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28 May 2009 description
report Save the Children

Executive summary

This third annual Last in Line, Last in School report examines recent trends in donor support for education for children living in conflict-affected fragile states (CAFS) and those caught up in emergencies. Its broad conclusion is that, although donors have increased their focus on meeting the education needs of children in these countries and situations, there is still a long way to go.

12 Mar 2009 description
report Save the Children

(Sarajevo, 12 March 2009) Today, top peace negotiators and education experts joined representatives of governments and the United Nations at a unique summit to examine how quality education can be prioritised in peace processes, and become a reality for all children living in conflict-affected countries.

Nobel Peace Prize winners Desmond Tutu, Mairead Maguire and Rigoberta Menchu addressed the conference via video link to lend their support and energy to the attendees.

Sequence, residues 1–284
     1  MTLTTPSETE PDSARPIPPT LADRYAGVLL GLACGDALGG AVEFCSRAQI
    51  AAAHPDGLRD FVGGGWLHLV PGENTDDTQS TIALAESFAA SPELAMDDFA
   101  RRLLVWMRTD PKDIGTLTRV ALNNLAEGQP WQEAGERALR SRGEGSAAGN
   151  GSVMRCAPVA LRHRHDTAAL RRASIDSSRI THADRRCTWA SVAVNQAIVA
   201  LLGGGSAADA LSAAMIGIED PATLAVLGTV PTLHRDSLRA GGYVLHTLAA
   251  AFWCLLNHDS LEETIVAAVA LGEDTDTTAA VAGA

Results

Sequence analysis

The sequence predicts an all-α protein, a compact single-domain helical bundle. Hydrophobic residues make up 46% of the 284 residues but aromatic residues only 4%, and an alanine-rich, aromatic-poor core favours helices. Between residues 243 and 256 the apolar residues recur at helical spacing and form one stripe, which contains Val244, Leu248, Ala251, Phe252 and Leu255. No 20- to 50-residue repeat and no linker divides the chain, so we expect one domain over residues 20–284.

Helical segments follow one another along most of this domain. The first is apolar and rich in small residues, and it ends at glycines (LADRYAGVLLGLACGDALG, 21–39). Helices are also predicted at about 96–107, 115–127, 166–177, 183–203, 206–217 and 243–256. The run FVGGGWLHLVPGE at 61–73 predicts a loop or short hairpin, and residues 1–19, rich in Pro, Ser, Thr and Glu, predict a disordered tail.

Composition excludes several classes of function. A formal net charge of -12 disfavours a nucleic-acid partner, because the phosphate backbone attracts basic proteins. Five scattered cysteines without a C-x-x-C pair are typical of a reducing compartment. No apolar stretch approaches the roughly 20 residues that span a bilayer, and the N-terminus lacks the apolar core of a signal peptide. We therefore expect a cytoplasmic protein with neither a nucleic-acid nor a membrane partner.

Tutu declared, "Nothing can be more unjust than denying children their right to education.

01 Oct 2008 description

Note: The map included a table showing the number of primary-aged children out of school. Map production date estimated.

03 Jun 2008 description
report Save the Children

Executive summary

Thirty-seven million children living in conflict-affected fragile states remain out of school, denied their right to education and the opportunity to lift themselves and their communities out of an endless cycle of poverty and conflict. With the capacity of their governments weakened, and education systems destroyed as the result of years of conflict and crisis, these children face a bleak future unless external support is forthcoming.

12 Apr 2007 description
report Save the Children

Executive summary

Half of the world's out-of-school population - 39 million children - live in conflict-affected fragile states (CAFS), even though these countries make up just 13 per cent of the world's population. The numbers of out-of-school children are disproportionately high for a number of reasons.